Even though it didn’t look or taste like any wine I’d ever had.

For starters, it was orange. Also it was carbonated. In fact, it bore almost as much resemblance to beer as to wine. Which was fine with me.

Our guide throughout the evening was Phil Sareil of Jenny & Francois Selections, the wines’ importers.

My other problem with wine tastings is that I feel inadequate because I can’t detect the flavor notes everybody else seems to be picking up. You know. Persimmon, coffee, cinnamon, eye of newt, a gentle spring breeze quaking the leaves of aspens in the Tetons.

But Mr. Sareil was a great tour guide. He described the wines and the vineyards they came from with such knowledge – even the soil conditions in different locations in particular vineyards – that it made me want to consider the possibility of switching careers. To one where travel to scenic locales and the consumption of alcohol are job requirements.

Our next selection was a couple of whites from the same area. They came decorated with colorful Mark Rothko-like abstract expressionist labels.

Mr. Sareil explained that the yellow and green label on the 2014 Muster, a light wine, signified that its grapes were harvested from the top of the hill in owner Maria and Sepp Muster’s 10 hectare pesticide-free vineyard in Styria.

That’s a mountainous area of southern Austria.

The yellow and brown label on the 2012 Muster Graf meant it came from the bottom of the hill.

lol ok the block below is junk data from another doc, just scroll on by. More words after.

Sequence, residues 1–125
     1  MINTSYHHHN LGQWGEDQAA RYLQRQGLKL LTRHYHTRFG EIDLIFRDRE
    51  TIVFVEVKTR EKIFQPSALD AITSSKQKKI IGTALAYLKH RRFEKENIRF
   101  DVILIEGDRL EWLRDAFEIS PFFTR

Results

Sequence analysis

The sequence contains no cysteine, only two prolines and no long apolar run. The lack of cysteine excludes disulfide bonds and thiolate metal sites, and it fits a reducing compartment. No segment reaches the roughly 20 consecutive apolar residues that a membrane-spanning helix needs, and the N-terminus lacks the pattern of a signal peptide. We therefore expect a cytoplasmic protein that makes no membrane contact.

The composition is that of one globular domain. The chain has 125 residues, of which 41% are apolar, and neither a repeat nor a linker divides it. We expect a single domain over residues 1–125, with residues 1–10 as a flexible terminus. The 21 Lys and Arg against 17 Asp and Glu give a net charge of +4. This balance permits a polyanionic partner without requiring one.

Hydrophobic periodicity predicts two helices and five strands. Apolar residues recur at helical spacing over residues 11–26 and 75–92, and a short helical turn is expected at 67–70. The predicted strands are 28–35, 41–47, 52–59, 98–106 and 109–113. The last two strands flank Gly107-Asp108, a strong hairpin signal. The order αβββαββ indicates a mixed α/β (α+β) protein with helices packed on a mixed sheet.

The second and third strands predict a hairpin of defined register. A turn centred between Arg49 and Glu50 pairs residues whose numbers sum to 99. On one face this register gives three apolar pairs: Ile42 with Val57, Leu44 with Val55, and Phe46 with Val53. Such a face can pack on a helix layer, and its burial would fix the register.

Or maybe I have that upside down.

In any case, both were excellent, the Graf more complex than the Muster.

See, I’m already starting to sound like I know what I’m talking about.

If you’re anything like me, you’re more than occasionally influenced to make a purchase by the attractiveness of the label.

So I didn’t know what to make of our final selection – a 2013 Gut Oggau Josephine.

It came with a drawing of Josephine.

Not Napoleon’s wife, the first empress of France. But a contemporary figure who looked like she might have an interesting inner life.

“They created a fictional family of characters,” Mr. Sareil explained.

He was referring to the owners of the biodynamic vineyard by Lake Neusiedl straddling the Austrian-Hungarian border. “They realized wine had really strong personalities.”

I’m not sure the evening convinced me to switch permanently from my dependable single malt scotch to the wines of Styria.

But it did underscore wine as a life-affirming force that promotes friendship and conversation. That alone is worth the price of a bottle or two. And a couple of hours on a winter evening.

A Visit From a Bear

A Visit From a Bear

Commentary for WAMC Northeast Public Radio

LISTEN  (4.27) 
I was planning to devote this commentary to snow. As I write we’re anticipating a foot or more in the Hudson Valley and a blizzard in New York City. Though given our wacky weather by the time we air it might be eighty and sunny.